U.S. Officials Equate Pakistani Spy Agency With Terror Groups
in Leaked Documents
by Kim Barker
Documents published yesterday by Wikileaks and a threat matrix quoted today by the Guardian show that what U.S. officials have said publicly about Pakistan and terrorism often has not squared with what was happening behind the scenes.
The Guardian’s revelation that U.S. interrogators at the Guantanamo Bay detention center ranked Pakistan’s main intelligence agency as a threat on par with terrorist groups like Hezbollah and Hamas shows again just how fraught the relationship is between the two countries and how suspicious the U.S. has been of Pakistan for years. (The documents were initially obtained by Wikileaks and provided to several news outlets, but The New York Times, NPR and the Guardian obtained them separately. NPR and The Times collaborated to vet the documents, while the Guardian operated solo.)
Ever since the attacks of Sept. 11, 2001, the U.S. has treated Pakistan more like a “frenemy” than a friend. U.S. officials have often publicly praised Pakistan’s efforts in the war on terror while privately complaining that the army and intelligence services should do more. Pakistan, and particularly the ISI, has been blamed for harboring some terrorists — such as the country’s former Taliban allies and the militant group run by Jalaluddin Haqqani — while making scapegoats of others. Initially, U.S. assessments of the ISI blamed “rogue” elements for supporting terrorists, the documents show. But by 2007, that caveat seems to have been removed.
These aren’t the first documents outlining U.S. suspicions — U.S. military field documentsreleased by Wikileaks last summer suggested that Pakistan allowed ISI agents to meet with the Taliban in secret strategy sessions. But these are the first documents showing that some U.S. officials actually equated the ISI with other known terrorist groups, hardly an indication of trust. There is a striking contrast between the documents and rosy comments made by U.S. officials at the time.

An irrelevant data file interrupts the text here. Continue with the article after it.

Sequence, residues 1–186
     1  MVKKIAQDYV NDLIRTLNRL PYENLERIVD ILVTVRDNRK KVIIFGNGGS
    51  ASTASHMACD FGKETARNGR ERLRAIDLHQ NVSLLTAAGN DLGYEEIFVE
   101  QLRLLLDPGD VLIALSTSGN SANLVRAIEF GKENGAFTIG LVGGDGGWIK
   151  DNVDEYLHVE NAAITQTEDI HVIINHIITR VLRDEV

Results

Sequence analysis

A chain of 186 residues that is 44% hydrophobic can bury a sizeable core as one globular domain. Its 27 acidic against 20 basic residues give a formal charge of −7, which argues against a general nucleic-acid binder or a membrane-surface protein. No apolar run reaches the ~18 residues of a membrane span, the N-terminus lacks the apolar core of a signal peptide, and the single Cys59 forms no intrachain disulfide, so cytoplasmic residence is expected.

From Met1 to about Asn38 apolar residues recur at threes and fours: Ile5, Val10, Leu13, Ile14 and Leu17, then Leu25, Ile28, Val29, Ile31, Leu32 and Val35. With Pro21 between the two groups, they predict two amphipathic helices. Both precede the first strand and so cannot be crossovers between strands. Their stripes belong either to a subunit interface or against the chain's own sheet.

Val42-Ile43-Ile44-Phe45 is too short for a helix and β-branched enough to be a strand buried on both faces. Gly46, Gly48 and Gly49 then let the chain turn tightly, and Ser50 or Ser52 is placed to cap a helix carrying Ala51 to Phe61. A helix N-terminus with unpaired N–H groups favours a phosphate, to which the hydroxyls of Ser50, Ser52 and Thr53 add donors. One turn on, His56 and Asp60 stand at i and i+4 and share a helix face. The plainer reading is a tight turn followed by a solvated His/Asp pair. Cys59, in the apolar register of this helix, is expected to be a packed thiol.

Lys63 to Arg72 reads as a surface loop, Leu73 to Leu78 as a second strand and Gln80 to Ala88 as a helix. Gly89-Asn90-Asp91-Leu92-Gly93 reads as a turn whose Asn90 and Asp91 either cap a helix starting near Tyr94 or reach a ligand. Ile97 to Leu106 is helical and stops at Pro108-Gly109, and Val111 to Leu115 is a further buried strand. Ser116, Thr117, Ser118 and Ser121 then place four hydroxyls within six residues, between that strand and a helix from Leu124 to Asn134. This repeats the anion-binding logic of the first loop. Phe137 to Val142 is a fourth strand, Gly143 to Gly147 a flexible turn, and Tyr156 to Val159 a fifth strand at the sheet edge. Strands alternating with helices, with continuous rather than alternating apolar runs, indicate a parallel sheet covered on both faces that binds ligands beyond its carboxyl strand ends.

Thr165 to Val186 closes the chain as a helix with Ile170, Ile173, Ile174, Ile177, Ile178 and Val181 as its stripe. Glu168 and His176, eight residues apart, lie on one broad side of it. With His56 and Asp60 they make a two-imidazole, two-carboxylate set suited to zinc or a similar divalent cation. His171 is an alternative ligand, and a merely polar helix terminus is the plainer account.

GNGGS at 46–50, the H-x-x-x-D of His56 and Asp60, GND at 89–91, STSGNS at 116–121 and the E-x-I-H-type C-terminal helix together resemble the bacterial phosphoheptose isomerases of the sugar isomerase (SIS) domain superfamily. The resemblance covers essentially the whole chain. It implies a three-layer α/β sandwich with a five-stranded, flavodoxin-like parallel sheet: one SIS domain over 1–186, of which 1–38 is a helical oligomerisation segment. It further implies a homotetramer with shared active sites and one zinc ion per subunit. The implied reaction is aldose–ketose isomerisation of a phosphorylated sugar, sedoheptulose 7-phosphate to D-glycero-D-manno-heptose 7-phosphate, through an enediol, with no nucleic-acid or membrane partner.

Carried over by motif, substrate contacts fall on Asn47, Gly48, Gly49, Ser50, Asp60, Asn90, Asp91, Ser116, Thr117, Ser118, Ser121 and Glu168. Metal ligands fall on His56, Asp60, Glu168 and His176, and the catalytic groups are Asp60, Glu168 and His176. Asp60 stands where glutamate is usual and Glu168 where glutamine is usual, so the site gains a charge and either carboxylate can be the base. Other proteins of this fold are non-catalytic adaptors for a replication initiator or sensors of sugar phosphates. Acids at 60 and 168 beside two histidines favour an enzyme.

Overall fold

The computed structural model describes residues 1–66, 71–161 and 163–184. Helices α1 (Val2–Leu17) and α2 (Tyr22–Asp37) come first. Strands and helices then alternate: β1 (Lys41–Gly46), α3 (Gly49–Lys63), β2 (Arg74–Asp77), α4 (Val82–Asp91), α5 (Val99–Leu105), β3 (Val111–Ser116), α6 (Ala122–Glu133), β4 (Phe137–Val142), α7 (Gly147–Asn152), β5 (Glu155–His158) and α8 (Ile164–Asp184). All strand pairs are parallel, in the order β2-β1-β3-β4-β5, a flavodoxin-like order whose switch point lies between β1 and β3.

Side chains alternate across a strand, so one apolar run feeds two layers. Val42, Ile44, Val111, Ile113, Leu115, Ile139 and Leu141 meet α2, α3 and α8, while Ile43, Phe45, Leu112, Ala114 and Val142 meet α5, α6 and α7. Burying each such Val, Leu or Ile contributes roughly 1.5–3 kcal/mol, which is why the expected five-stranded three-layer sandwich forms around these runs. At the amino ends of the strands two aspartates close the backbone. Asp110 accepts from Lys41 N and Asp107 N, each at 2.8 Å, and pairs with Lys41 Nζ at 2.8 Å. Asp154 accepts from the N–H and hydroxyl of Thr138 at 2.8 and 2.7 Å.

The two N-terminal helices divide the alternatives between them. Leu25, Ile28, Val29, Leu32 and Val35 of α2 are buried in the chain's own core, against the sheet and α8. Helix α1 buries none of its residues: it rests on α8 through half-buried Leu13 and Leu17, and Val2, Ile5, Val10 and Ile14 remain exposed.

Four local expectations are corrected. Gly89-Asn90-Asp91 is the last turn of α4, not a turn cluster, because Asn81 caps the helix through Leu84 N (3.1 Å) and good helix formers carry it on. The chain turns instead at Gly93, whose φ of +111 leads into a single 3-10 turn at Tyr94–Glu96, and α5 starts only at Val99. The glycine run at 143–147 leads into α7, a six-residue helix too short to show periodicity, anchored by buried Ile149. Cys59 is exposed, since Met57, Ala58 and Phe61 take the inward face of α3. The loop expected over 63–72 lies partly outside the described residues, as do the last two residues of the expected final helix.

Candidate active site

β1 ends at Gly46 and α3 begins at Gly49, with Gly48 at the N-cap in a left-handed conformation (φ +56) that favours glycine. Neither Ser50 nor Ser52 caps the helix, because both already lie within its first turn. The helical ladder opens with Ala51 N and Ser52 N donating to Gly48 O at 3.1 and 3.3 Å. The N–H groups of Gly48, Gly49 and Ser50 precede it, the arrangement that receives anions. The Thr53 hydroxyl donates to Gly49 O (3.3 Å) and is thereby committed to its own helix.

For instance, in June 2005, a document shows that officials hoped one detainee could provide information on corruption within the ISI and “its support to the Al-Qaida network.” Weeks later, interrogators thought another detainee could provide information on how the ISI was supporting the efforts of Hezb-i-Islami, a terrorist group that stages attacks mainly in eastern Afghanistan.
Yet, also in June 2005, Christina Rocca, then the State Department’s assistant secretary of South Asian affairs, told a U.S. House subcommittee: “Over the past three years, Pakistan’s leaders have taken the steps necessary to make their country a key ally in the war on terrorism and to set it on the path to becoming a modern, prosperous, democratic state. As a result of forward thinking and acting, Pakistan is now headed in the right direction.”
The Guardian quotes another document, called the “Joint Task Force Guantanamo Matrix of Threat Indicators for Enemy Combatants,” dated September 2007, that lists the ISI among 36 questionable groups, including Egyptian Islamic Jihad, the Iranian intelligence services, and the Muslim Brotherhood. The document says that through associations with one of these groups, “a detainee may have provided support to Al Qaeda or the Taliban, or engaged in hostilities against US or coalition forces (in Afghanistan),” the Guardian account says. (The newspaper does not provide a link to that document.)
That same month, September 2007, Richard Boucher, who replaced Rocca in the State Department, told reporters that he believed that nobody in Pakistan wanted terrorism. “… (F)rom what I see in Pakistan, it’s not just the army that’s committed to fighting … terrorism,” he said. “It’s not just the politicians. It’s really the vast majority of the whole society.”
So far, the ISI and Pakistani army officials have been publicly mum on the latest set of leaked accounts. But privately, who knows?
One point is clear — the leak has the potential to further damage the already tense ties between the U.S. and Pakistan, especially after the debacle with the CIA’s Raymond Davis this year and the ongoing debate over drone strikes. That could hinder what the U.S. is trying to accomplish, not only in Pakistan, but in neighboring Afghanistan. The disclosure could also undermine recent high-level meetings designed to patch up poor relations and soothe hurt feelings.
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